“Bill McGee is no armchair historian…He’s lived what he writes about whether it’s joining the Navy in ’42 at age seventeen simply to get into the fight, or cowboying in the West in the postwar ’40s, or working in broadcasting in the early days of 1950s and ’60s television.”
– Barnaby Conrad, founder of the Santa Barbara Writers Conference and author of Matador
About Bill McGee
William “Bill” L. McGee is an award-winning World War II military historian and memoirist. His writing career spanned six decades. He leaves a literary legacy of twenty-two books, each written in his signature writing style described as journalistic, straightforward, and “as precise and economical as a Mickey Spillane novel.” (Marine Corps League Magazine)
Bill McGee’s writing career was launched in the 1950s in the entertainment industry. During his 32-year career in broadcast sales and marketing, he wrote twelve “how-to” guidebooks for television station managers and sales representatives to train them how to better serve their advertising clients and how to effectively use cooperative advertising.
In the 1990s, Bill became a World War II military historian of the Pacific war, the theater of war in which he served in the U.S. Navy. He wrote the acclaimed Pacific war trilogy, Amphibious Operations in the South Pacific in WWII. In 2018, Volume 2, The Solomons Campaigns, 1942-1943, won the Military Writers Society of America Silver Medal Award for History. Volume 3, Pacific Express: The Critical Role of Military Logistics in World War II is on the Marine Corps Commandant’s Professional Reading List for logistics. Bill also wrote seven memoirs, including Operation Crossroads, Lest We Forget!, a recounting of his participation in 1946 at the first postwar atomic bomb tests at the Bikini Atoll.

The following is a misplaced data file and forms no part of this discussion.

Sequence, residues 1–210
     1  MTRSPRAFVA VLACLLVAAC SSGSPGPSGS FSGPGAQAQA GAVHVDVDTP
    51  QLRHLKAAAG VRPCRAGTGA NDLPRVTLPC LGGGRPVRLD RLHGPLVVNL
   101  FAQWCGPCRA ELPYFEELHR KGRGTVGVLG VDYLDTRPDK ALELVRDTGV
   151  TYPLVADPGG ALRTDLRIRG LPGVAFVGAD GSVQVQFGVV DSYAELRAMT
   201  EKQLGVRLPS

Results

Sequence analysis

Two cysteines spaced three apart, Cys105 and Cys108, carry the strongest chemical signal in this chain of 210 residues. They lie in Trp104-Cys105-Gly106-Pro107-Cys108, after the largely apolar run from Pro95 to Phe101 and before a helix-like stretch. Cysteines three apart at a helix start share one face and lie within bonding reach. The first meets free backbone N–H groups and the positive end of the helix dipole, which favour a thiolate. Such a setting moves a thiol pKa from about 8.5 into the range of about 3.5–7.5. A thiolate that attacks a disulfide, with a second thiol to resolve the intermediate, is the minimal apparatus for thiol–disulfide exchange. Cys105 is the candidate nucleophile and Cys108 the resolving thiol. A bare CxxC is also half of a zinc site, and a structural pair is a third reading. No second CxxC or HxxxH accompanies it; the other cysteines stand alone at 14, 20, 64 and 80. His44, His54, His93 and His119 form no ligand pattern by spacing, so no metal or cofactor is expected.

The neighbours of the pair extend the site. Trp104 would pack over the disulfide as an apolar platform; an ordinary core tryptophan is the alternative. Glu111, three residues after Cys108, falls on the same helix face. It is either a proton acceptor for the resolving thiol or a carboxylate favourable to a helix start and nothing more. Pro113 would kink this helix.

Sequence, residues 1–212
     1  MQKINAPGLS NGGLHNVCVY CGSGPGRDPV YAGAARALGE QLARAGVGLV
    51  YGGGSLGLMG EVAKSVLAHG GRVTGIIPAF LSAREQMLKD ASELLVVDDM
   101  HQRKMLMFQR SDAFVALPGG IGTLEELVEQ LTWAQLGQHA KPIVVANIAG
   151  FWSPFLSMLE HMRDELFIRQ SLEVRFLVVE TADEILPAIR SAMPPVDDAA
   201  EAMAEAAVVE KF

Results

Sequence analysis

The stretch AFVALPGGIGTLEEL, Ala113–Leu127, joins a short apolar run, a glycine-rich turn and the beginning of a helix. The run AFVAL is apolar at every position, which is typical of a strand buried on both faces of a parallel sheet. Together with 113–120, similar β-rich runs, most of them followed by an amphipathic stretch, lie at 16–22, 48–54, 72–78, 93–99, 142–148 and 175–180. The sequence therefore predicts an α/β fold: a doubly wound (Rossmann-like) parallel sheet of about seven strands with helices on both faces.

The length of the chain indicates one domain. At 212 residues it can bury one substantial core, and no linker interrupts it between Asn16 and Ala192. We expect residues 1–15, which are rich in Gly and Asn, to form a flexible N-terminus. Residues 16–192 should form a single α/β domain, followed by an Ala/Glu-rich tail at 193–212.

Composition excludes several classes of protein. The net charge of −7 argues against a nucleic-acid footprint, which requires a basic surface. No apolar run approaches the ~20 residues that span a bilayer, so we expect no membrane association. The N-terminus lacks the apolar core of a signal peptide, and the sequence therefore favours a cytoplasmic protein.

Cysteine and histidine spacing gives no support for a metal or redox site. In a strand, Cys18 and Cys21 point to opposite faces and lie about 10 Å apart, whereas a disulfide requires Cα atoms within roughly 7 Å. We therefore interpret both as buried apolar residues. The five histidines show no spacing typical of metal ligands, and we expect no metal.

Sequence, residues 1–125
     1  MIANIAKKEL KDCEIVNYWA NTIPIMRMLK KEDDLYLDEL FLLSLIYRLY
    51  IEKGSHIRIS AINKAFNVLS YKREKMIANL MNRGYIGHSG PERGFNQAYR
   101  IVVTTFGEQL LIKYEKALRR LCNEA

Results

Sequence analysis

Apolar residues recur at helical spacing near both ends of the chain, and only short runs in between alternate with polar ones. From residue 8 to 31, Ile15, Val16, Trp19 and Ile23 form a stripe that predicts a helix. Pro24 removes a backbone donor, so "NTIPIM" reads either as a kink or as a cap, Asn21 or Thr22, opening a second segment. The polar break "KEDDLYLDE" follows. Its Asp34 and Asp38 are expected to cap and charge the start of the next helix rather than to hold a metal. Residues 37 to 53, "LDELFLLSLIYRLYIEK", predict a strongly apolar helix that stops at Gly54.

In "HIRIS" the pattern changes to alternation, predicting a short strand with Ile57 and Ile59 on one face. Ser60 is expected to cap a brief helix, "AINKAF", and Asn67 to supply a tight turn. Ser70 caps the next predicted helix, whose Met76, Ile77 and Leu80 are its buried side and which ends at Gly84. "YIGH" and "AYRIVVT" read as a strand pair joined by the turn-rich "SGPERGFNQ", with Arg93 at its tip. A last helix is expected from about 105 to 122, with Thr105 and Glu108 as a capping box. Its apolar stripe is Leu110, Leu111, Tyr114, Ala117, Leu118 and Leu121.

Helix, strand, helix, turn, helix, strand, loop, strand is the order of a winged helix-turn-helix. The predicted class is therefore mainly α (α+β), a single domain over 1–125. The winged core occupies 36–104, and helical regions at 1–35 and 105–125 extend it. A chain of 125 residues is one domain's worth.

Bill McGee had a favorite saying about writing: “To anyone who has ever considered writing, there is only one way—ass in seat.”
In 2000, Bill collaborated with his wife, Sandra, on The Divorce Seekers: A Photo Memoir of a Nevada Dude Wrangler. This began a collaboration that lasted for the next twenty years. When asked what it was like to work together as husband and wife, Bill and Sandra would smile at each other – and claim they seldom disagreed.
However, Sandra has her favorite saying about writing: The strongest drive is neither love nor hate; it is the urge to edit another’s copy.”